We know babies are born selfish and power-seeking — and we’ve met the Kindergarten Contract Killers.  Now we turn our frightened, Panopticonic, eye to the scientific notion that babies are embedded with a moral code:  They are born knowing the difference between good and evil.

Researchers devised a ‘one-act morality play’, in which a toy dog tries to open a box. The dog is joined by a teddy bear who helps him lift the lid, and a teddy who stubbornly sits on the box.

They also made the babies watch a puppet cat play ball with two toy rabbits. When the cat rolled the ball to one rabbit, it rolled the ball straight back. But when the cat rolled it to the second rabbit, it picked up the ball and ran off.

‘In both studies, five-month-old babies preferred the good guy – the one who helped to open the box; the one who rolled the ball back – to the bad guy,’ said Professor Bloom.

When the same tests were repeated with 21-month-old babies, they were given a chance to dish out treats to the toys – or take treats away.

Most toddlers punished the ‘naughty rabbit’ by taking away treats. One even gave the miscreant a smack on the head as a punishment.

Now that we know babies are coded to know the difference between right at wrong at the base genetic code level — should children be held responsible for killing and tried for murder and, if found guilty, executed?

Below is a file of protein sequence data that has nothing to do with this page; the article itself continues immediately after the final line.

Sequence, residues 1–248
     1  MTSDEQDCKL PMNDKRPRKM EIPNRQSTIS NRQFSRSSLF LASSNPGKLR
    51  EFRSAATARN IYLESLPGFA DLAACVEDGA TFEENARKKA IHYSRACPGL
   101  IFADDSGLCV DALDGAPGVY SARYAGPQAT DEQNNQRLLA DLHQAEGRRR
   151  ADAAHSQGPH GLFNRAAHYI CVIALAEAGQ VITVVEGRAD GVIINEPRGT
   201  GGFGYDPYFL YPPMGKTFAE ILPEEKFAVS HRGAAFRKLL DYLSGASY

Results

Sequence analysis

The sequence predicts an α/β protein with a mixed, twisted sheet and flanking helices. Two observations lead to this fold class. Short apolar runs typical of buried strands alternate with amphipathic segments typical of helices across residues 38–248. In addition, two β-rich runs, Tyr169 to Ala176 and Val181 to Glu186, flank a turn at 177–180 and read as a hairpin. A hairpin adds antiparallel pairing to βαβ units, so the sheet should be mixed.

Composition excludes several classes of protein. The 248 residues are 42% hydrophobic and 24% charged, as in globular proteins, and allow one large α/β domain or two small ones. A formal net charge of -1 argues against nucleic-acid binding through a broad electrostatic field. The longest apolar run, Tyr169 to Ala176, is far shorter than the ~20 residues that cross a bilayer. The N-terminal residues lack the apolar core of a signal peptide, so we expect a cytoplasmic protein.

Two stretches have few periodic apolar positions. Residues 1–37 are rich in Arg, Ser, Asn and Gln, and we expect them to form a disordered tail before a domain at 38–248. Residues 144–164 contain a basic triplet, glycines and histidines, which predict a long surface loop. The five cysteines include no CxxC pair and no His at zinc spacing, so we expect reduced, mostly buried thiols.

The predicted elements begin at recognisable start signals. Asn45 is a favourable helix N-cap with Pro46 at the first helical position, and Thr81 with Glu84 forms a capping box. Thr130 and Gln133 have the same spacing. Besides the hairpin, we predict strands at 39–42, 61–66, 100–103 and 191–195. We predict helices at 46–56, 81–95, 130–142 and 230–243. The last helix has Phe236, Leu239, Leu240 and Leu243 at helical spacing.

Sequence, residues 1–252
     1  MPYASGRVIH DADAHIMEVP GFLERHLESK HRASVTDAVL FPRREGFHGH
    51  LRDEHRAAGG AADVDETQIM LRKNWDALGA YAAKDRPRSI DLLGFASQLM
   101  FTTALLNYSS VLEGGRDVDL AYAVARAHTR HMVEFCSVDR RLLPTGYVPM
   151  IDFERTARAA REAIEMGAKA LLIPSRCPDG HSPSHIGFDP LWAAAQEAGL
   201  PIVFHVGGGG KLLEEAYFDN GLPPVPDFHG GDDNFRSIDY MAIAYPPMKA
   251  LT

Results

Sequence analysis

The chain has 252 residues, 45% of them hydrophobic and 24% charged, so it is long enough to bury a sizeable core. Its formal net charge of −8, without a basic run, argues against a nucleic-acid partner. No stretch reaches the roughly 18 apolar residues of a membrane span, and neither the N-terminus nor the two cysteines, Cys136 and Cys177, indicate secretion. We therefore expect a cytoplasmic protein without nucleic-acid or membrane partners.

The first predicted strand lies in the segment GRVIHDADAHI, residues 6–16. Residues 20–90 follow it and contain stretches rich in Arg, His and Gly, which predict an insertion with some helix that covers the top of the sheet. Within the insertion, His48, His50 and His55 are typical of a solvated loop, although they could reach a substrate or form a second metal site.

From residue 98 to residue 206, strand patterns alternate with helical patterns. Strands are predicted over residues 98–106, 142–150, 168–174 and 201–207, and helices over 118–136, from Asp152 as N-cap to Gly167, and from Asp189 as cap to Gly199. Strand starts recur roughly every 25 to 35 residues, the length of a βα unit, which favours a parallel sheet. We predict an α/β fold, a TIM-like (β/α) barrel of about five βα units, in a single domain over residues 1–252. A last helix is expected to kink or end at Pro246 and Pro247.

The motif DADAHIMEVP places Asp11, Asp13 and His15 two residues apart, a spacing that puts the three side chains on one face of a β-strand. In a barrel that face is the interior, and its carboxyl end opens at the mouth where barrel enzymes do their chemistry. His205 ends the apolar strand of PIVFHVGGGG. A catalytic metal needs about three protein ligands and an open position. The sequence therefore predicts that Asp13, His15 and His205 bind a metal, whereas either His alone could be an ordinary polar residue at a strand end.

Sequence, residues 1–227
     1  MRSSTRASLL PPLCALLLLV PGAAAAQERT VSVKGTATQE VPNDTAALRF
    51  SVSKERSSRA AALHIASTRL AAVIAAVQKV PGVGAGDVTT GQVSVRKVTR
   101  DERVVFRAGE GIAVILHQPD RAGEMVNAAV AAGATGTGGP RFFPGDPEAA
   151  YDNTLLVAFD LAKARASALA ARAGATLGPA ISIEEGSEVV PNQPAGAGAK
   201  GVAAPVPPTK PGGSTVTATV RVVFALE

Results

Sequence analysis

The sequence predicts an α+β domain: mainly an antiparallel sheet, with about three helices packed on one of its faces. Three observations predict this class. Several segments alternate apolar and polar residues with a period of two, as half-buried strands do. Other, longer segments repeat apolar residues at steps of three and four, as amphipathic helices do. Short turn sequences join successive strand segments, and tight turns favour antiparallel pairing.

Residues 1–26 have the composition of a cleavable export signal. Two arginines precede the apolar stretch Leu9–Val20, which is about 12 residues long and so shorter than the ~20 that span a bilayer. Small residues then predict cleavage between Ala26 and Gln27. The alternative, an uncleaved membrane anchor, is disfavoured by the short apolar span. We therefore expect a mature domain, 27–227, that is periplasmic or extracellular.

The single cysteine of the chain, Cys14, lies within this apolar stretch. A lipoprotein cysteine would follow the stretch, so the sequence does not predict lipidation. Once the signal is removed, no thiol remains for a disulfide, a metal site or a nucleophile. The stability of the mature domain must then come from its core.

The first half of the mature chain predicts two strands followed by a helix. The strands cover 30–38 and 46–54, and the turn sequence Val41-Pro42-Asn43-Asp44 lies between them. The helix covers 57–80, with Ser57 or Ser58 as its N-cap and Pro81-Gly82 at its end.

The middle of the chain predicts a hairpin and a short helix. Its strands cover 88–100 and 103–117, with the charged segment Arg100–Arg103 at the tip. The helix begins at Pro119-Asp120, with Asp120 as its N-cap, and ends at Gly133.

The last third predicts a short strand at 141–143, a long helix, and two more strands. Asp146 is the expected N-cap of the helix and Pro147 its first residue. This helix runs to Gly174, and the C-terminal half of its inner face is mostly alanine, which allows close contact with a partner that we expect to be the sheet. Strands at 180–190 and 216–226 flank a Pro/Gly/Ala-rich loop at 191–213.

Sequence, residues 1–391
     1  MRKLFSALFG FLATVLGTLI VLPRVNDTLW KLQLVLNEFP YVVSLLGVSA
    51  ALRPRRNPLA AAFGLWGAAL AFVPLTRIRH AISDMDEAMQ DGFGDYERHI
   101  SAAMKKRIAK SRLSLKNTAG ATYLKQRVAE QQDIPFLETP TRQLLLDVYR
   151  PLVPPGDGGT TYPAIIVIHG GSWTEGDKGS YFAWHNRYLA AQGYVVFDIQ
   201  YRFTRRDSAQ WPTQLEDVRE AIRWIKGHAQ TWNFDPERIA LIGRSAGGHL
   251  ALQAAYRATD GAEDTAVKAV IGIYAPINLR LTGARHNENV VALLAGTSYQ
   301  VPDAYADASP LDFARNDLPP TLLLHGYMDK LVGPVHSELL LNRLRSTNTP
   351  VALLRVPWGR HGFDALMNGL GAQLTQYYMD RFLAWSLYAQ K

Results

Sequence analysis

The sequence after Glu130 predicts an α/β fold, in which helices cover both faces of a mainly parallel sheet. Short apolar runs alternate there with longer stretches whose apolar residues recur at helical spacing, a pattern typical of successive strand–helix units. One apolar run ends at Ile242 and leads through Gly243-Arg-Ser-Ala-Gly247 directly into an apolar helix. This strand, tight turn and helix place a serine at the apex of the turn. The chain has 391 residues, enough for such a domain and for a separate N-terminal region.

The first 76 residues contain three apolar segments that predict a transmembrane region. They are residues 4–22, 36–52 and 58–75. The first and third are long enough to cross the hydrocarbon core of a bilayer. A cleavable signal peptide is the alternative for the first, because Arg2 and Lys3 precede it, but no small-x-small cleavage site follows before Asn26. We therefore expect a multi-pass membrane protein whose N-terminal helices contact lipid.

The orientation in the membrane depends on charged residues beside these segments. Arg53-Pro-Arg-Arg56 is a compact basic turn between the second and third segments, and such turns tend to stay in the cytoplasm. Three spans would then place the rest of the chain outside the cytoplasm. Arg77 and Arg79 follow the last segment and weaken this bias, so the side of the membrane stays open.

If we don’t think children should be punished for murder, what then, should the age of “moral consciousness” begin — in light of this new evidence that discerning between good and evil is as natural to an infant as breathing?

Do we try a five-year-old for murder?  An eight-year-old?  How do we handle a toddler with a bad attitude, a penknife, and a thirst for seeing people bleed?

8 Comments

    1. If environment plays a role in reconditioning the DNA moral code then, yes, I would say the parents should be held responsible for the immoral behavior of their children. In some ways they are, financially, but if a child murders someone — shouldn’t the parent also be incarcerated as a co-conspirator?

  1. Fascinating study, David! I can’t imagine they would actively change the law based on one study, though! I wonder if people would argue that maybe (if arrested) that their baby or toddler was different and did not need to be arrested for reasons xyz…

    1. It is a slippery slope, Gordon, because this sort of science tempts our common understanding of children and adults by asking, “If babies are born moral, what corrupts them?” Are they making active choices to ignore their inbred morality, or is something more sinister lingering in the mist that remotely, yet directly, deconstructs their basic moral rightness?